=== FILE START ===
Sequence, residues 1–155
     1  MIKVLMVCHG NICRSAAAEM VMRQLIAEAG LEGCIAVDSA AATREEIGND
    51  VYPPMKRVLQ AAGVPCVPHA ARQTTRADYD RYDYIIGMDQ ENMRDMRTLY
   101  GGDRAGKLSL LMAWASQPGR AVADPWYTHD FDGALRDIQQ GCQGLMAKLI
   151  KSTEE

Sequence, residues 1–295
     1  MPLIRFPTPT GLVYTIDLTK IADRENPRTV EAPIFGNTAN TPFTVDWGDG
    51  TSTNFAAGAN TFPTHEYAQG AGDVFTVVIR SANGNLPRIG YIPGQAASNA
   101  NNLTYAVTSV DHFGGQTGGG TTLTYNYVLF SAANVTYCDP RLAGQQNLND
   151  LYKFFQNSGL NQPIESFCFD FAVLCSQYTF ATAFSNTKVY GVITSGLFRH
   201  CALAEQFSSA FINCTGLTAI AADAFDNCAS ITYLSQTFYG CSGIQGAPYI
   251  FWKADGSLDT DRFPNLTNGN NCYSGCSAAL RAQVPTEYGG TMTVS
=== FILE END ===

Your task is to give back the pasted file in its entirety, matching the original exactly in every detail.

Sequence, residues 1–155
     1  MIKVLMVCHG NICRSAAAEM VMRQLIAEAG LEGCIAVDSA AATREEIGND
    51  VYPPMKRVLQ AAGVPCVPHA ARQTTRADYD RYDYIIGMDQ ENMRDMRTLY
   101  GGDRAGKLSL LMAWASQPGR AVADPWYTHD FDGALRDIQQ GCQGLMAKLI
   151  KSTEE

Sequence, residues 1–295
     1  MPLIRFPTPT GLVYTIDLTK IADRENPRTV EAPIFGNTAN TPFTVDWGDG
    51  TSTNFAAGAN TFPTHEYAQG AGDVFTVVIR SANGNLPRIG YIPGQAASNA
   101  NNLTYAVTSV DHFGGQTGGG TTLTYNYVLF SAANVTYCDP RLAGQQNLND
   151  LYKFFQNSGL NQPIESFCFD FAVLCSQYTF ATAFSNTKVY GVITSGLFRH
   201  CALAEQFSSA FINCTGLTAI AADAFDNCAS ITYLSQTFYG CSGIQGAPYI
   251  FWKADGSLDT DRFPNLTNGN NCYSGCSAAL RAQVPTEYGG TMTVS